It all seems so surreal to pore through them, not only because the look and feel they are going for is old-fashioned by design, but they speak of a mythology that is not capable of dealing with the struggles and tribulations Heritage Americans are going to come up against in their daily lives. It’s silly to talk about us all being Americans with a common vision when 13% of our country is foreign born, and less than half can even trace themselves back to founding stock. It’s insane to wave the American Flag and wear a flag lapel when so many of your countrymen want to replace even the American Flag.
The quaint, antiquated feeling is because there is no longer an American nation to reinvigorate, and therefore no universal civics to embrace. Any attempt to reinstate an older civics from a time long gone will be subject to the same poison, only in a smaller portion, that inevitably led to our current situation. Even worse, it will create a cognitive dissonance that will teach one’s child to treat any American Citizen as an American who will share the same classic values. They won’t, as the social trust that allowed the old civics to work is no longer applicable to our modern times. The 1950’s are gone, long with society they lived in and the values they shared. We replaced social trust for economic gain, and turned our country into a shopping mall. How does one go about teaching civics around a shopping mall?
In a different time, a limited homogenization process would be a useful message for social unity. One can even make an argument that it was a social good to push children from a strong ethnic and religious identity to a more tolerant position of other views if just for social cohesion. If the Irish and Italians are being forced to live within a few miles of one another, it was not unreasonable to enact measures to ensure that even if the current generation is at each other’s throats, the next generation will be less so. From the perspective of the Founding Stock, such compromises were perfectly reasonable to expect from foreigners who wanted to make America their home. For a while, biology made cohesion possible to a limited extent, but as the genetic diversity of your average citizen increased, so was the inability to keep a cohesive unity.
So how is a parent to instill civic mythology on his children? If American Civics has always been a homogenizing element, how does one go about protecting one’s loved ones from being homogenized to the final phase of simply becoming a soulless and rootless global consumer?
One interesting facet is how many homeschool materials, in addition to classic civics, also instill a story of the specific people it is catered for. For example, the ultra-Catholic Seton program has a substantial focus on Catholic immigrants and their place in American Society. It states how the Catholic changed the landscape of the largely protestant nation, telling the stories of prominent figures in the faith and how they overcame a hostile terrain. There’s a refreshing us/them dynamic that gives more meaning and sense of place than any general curriculum from any age of Public Education. There is a similar dynamic in others such as Rod and Staff, an Amish based program with a strong focus on a way of life and an implicit rejection of greater American Society. They make it clear those are your fellow human beings who you can show respect to, but they are not your people.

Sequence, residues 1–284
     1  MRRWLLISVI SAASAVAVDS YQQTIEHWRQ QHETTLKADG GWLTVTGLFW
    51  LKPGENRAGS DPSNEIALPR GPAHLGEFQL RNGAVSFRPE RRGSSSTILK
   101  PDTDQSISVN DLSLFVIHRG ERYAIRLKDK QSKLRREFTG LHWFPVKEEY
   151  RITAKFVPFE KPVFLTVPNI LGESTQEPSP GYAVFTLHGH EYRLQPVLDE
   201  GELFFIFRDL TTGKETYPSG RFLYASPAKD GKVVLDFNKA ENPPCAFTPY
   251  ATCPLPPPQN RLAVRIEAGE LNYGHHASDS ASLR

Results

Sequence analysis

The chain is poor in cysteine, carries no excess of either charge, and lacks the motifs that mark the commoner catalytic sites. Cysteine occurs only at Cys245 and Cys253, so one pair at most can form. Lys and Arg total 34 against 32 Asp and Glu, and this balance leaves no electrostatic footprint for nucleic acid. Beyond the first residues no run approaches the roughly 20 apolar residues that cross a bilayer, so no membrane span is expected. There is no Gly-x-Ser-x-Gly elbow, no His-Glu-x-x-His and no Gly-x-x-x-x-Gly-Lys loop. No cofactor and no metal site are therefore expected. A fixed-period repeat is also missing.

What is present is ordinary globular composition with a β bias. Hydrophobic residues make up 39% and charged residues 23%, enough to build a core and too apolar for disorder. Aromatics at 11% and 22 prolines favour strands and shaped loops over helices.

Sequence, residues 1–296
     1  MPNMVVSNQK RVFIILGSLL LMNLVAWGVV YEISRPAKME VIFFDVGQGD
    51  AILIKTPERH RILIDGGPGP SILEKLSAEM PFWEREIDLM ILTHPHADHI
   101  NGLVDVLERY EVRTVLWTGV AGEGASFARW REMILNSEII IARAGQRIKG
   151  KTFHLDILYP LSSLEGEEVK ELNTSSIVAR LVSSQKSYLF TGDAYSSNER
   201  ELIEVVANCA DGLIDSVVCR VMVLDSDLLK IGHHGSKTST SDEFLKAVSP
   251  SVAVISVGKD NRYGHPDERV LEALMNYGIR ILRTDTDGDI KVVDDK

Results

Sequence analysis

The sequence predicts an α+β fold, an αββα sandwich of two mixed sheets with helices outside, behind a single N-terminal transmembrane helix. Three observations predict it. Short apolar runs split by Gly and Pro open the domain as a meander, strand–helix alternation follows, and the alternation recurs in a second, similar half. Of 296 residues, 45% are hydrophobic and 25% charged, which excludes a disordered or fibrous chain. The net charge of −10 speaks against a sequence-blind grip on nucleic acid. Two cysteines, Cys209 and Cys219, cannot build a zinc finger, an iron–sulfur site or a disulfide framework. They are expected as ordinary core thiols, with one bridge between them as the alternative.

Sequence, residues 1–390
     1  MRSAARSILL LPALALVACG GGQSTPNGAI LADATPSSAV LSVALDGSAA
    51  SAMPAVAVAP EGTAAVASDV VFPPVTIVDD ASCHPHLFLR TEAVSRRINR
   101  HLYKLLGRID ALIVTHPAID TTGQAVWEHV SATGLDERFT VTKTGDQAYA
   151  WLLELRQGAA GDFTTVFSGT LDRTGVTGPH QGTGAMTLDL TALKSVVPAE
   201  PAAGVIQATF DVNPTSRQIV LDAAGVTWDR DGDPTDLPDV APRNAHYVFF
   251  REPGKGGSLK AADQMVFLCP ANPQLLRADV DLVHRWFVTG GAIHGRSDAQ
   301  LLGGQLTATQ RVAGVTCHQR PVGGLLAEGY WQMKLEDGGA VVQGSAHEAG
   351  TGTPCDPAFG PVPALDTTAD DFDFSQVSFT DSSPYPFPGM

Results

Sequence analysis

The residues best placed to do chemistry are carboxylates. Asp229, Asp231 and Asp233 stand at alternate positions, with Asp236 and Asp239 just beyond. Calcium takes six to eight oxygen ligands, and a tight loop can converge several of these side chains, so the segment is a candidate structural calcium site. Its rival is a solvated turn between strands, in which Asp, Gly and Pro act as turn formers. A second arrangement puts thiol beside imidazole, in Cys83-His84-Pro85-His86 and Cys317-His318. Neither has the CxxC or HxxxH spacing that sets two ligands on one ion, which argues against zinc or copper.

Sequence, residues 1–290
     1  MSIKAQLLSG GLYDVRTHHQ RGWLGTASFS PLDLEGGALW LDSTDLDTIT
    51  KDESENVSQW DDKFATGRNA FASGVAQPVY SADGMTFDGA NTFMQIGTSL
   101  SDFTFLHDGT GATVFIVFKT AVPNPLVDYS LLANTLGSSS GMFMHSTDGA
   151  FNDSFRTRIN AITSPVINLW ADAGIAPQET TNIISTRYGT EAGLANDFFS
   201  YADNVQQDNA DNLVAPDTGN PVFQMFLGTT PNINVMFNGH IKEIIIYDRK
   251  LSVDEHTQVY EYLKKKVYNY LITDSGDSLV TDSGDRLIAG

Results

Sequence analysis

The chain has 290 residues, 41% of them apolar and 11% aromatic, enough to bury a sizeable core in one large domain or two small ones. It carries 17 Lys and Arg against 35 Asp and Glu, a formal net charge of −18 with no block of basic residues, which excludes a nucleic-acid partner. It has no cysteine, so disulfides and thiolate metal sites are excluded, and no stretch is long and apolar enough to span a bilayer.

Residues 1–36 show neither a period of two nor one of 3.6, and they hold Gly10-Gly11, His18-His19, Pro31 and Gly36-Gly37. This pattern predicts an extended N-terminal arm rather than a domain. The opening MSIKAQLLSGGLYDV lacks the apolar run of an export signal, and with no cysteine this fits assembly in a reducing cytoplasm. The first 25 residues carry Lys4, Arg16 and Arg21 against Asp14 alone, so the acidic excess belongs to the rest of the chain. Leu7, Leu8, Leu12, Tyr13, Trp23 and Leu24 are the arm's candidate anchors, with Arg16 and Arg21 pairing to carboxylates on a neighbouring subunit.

For the founding stock, many people of which can trace their lineage back to the Puritans or Quakers who inhabited the land. Many have roots in the Revolutionary War and have memorabilia from ancestors fighting in the civil war. Why do they have to pretend recent immigrants from 50 years ago, with wildly different values and mindsets, are their people? Why do they have to pretend the recent Indian immigrant is one of their people just as much as one who can trace their ancestry to the French and Indian wars? The word loses its meaning along with one’s sense of self when taken to that extreme. There’s a good history and respect in those others, but there’s no reason for your own history to include their stories as one and the same with yours.
The right needs to get over trying to pretend that people living a completely alternate lifestyle with contradictory values are really your people just because they have a legal document expressing citizenship. We need to accept post-Americanism as much as our enemies do, but seek strong bonds in families, communities, and institutions that will enable us to live by our values and are willing to protect us. As our enemies move towards a globalized interchangeable part depleted of all uniqueness, our answer is to become more tribal, and more unique, embracing each of our unique heritages and banding with others who have the same ancestors, or at least can show the same deference and respect to them.
This delineation of the tribes doesn’t need to be in a strict Schmittian friend/enemy distinction. There’s not necessarily a need, for example, for recent Hispanic immigrants and Heritage Germans to be enemies, and there are many situations where they can be strong allies, but they will be an other, a people outside one’s own community, and there’s nothing wrong with that. This simple assessment of personal obligation in your tribe shows where your main priorities are towards, and keeps your mind local towards your direct neighbors.
Being an American may mean nothing anymore, but being of Puritan, Dutch, Irish, or Catholic heritage still does. You still have a tribe, and it’s time to allow the American story to sunset and revive the story of your own people through your children.